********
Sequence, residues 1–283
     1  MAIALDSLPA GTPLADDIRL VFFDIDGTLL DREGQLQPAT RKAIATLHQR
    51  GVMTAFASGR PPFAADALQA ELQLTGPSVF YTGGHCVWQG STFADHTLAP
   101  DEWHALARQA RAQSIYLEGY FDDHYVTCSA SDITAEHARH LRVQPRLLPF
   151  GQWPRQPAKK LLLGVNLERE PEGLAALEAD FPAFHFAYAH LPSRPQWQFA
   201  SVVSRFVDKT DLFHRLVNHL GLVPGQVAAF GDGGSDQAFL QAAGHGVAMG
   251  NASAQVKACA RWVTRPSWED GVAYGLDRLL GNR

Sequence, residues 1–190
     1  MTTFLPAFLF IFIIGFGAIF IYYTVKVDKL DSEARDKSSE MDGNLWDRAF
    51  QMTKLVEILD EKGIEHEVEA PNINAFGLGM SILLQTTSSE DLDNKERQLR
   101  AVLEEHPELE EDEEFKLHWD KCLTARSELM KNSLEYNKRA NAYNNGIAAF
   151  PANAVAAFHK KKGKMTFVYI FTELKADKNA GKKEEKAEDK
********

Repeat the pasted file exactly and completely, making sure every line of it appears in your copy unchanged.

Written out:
Sequence, residues 1–283
     1  MAIALDSLPA GTPLADDIRL VFFDIDGTLL DREGQLQPAT RKAIATLHQR
    51  GVMTAFASGR PPFAADALQA ELQLTGPSVF YTGGHCVWQG STFADHTLAP
   101  DEWHALARQA RAQSIYLEGY FDDHYVTCSA SDITAEHARH LRVQPRLLPF
   151  GQWPRQPAKK LLLGVNLERE PEGLAALEAD FPAFHFAYAH LPSRPQWQFA
   201  SVVSRFVDKT DLFHRLVNHL GLVPGQVAAF GDGGSDQAFL QAAGHGVAMG
   251  NASAQVKACA RWVTRPSWED GVAYGLDRLL GNR

Sequence, residues 1–190
     1  MTTFLPAFLF IFIIGFGAIF IYYTVKVDKL DSEARDKSSE MDGNLWDRAF
    51  QMTKLVEILD EKGIEHEVEA PNINAFGLGM SILLQTTSSE DLDNKERQLR
   101  AVLEEHPELE EDEEFKLHWD KCLTARSELM KNSLEYNKRA NAYNNGIAAF
   151  PANAVAAFHK KKGKMTFVYI FTELKADKNA GKKEEKAEDK